"People abuse what could be a good thing," he said. "A beer at the end of the night is a good thing ... four of them ruin my day."
A valuable tool nonetheless
Spam aside, the first thing most people do when they get to work is turn on their computers, Lepofsky said.
"They don't pick up the phone and check their voice mail messages," he said, "they go straight for their e-mail."
With so much emphasis put on electronic messaging within the office setting, it shouldn't be a surprise that e-mail is the lifeblood (about 80 percent) of the content most companies keep, Lepofsky says. Most people shiver when they think back to life before messaging and to those old days when communications options were limited to picking up the phone, sending snail mail or hammering out a facsimile.
Today, e-mail can save time and long distance bills and it can, in many cases be the fastest and easiest way to contact people.
In fact e-mail has become such a fixed tool in every day business life that users have less tolerance for e-mail problems, said Shawn Yeager, technology infrastructure practice director at Toronto-based Avanade Canada Inc., a technology integrator of Microsoft Corp. solutions.
For one of Yaeger's clients, e-mail is more critical than an enterprise resource planning system. "We are moving from these wild, wild west days when people could drop an e-mail server wherever they wished and we are turning to a much more centralized, standardized means of putting e-mail infrastructure in place," he said.
Because of this, Jeff Ubois, an analyst at Ferris Research, says the future of e-mail will likely look at lot like it did in the past. "It's hard to migrate away from an e-mail system and it's incredibly expensive to migrate away from an e-mail system."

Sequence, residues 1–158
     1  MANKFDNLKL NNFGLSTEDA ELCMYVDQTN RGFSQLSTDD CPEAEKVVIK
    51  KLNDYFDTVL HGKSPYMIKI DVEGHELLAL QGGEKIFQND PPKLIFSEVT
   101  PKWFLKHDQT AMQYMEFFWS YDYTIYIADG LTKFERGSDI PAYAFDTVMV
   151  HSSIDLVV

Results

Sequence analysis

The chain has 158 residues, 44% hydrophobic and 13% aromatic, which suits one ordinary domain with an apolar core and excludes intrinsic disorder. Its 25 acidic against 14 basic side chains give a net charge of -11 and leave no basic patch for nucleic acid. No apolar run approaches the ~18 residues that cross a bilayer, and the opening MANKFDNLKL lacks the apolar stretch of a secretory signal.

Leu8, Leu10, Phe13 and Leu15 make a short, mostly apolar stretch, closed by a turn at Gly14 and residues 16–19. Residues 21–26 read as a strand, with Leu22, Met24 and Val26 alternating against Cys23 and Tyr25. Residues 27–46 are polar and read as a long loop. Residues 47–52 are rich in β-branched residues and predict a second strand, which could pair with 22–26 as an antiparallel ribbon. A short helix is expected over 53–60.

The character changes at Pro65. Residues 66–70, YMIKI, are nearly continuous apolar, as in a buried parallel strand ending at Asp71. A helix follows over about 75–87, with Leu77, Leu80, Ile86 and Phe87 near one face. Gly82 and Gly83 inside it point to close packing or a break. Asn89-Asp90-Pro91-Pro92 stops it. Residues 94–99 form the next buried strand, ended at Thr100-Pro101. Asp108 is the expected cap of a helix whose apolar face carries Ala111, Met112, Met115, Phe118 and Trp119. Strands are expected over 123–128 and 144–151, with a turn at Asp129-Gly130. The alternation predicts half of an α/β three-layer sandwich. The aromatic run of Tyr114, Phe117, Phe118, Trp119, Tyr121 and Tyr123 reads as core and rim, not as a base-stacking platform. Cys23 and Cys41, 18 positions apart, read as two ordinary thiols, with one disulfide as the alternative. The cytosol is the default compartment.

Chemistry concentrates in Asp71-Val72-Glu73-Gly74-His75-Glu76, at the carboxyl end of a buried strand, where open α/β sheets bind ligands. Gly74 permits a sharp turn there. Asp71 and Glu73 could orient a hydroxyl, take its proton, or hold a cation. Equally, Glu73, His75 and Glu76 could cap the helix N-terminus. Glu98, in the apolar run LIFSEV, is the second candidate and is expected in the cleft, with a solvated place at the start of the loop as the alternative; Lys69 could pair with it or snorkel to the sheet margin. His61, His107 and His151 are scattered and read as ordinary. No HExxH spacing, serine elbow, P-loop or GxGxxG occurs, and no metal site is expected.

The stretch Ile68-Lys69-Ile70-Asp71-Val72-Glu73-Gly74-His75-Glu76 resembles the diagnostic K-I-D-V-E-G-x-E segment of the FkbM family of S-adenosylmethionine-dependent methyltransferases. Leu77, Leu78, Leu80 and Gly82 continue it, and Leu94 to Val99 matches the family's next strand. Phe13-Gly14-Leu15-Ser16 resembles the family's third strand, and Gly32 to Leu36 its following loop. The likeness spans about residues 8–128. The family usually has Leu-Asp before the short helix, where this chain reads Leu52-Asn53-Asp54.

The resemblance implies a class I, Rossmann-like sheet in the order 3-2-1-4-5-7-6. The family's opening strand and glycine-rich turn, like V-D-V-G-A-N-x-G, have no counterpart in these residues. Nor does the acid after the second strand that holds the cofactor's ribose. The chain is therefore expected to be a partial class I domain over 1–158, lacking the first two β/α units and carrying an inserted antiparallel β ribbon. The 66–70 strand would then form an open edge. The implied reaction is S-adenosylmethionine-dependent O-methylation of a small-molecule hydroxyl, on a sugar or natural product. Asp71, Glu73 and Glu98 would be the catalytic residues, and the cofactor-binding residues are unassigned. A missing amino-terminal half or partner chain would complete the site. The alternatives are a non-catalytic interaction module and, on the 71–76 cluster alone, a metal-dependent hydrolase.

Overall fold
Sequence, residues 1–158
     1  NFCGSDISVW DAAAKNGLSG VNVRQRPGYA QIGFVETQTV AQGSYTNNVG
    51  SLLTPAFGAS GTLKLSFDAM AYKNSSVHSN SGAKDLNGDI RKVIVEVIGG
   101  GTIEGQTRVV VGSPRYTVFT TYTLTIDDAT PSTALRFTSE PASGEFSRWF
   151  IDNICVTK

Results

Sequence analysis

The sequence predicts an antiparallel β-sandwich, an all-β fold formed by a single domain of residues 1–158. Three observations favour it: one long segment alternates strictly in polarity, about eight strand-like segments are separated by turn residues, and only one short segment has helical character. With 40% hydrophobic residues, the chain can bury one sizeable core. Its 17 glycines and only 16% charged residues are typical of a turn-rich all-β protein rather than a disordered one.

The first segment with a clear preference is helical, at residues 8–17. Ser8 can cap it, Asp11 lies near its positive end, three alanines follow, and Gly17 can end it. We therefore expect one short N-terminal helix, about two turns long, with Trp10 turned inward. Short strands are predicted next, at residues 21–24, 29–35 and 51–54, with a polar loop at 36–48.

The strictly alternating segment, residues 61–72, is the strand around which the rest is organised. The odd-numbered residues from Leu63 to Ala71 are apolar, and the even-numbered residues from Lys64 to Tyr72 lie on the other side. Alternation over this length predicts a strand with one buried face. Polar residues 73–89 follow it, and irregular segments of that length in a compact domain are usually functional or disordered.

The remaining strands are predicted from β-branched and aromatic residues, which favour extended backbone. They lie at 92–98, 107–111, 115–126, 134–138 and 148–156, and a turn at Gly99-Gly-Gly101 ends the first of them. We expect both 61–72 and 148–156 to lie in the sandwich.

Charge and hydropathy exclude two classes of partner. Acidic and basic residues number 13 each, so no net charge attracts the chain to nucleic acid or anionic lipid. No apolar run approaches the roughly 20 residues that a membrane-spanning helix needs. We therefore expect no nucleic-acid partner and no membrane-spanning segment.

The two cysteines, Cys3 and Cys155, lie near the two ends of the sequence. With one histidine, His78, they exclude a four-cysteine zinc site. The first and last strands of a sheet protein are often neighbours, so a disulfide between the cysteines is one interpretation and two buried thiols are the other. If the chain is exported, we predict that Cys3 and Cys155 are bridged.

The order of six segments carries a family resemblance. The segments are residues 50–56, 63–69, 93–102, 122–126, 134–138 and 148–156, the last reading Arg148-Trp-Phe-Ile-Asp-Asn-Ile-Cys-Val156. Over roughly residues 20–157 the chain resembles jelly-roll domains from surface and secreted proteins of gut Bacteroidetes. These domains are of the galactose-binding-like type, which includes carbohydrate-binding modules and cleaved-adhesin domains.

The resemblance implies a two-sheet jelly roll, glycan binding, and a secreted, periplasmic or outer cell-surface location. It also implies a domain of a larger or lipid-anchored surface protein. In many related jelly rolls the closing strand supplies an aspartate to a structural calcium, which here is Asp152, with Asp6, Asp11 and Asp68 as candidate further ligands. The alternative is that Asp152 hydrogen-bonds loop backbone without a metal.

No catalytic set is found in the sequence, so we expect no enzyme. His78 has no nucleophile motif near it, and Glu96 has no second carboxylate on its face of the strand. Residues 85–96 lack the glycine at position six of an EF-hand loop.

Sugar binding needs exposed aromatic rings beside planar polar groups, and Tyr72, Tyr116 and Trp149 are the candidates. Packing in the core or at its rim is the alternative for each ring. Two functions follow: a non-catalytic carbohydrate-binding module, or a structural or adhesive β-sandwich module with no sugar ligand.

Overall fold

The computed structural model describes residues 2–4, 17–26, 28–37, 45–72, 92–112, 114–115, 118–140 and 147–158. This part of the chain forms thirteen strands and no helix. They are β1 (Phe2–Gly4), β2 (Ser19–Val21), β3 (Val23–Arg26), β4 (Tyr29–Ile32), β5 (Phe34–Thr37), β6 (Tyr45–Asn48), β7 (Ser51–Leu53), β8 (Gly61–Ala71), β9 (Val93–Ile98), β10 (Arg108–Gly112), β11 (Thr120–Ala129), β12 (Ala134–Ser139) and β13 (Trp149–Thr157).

For example, there is the learning curve it would take to teach current e-mail users a new application, but e-mail is also a common denominator and that's the main reason it will likely stick around, Ubois explains.
"Everybody has learned how to use it at this point," he said, "and everyone will have to continue to use it."
But limits need to be put into the system. Carleton's Somayaji says there needs to be barriers against spammers to make spam less profitable.
"We've created an evolutional niche which is so favorable to those that want to create spam messages," he said, adding that spam is a sociological problem and users have learn to stop responding to spam. For example, there needs to be established social norms to stop people from opening spam messages -- like when phones were first becoming popular, and people were making crank calls a habit.
"Yes people still do crank calls but it's not so much of an issue anymore," he says.
"In some ways, e-mail is about as mature as the Internet gets and it's one of the oldest applications. In terms of usage patterns its definitely not mature but it's evolving very fast," Somayaji said. "I think it will eventually settle down, but it might take a couple of decades."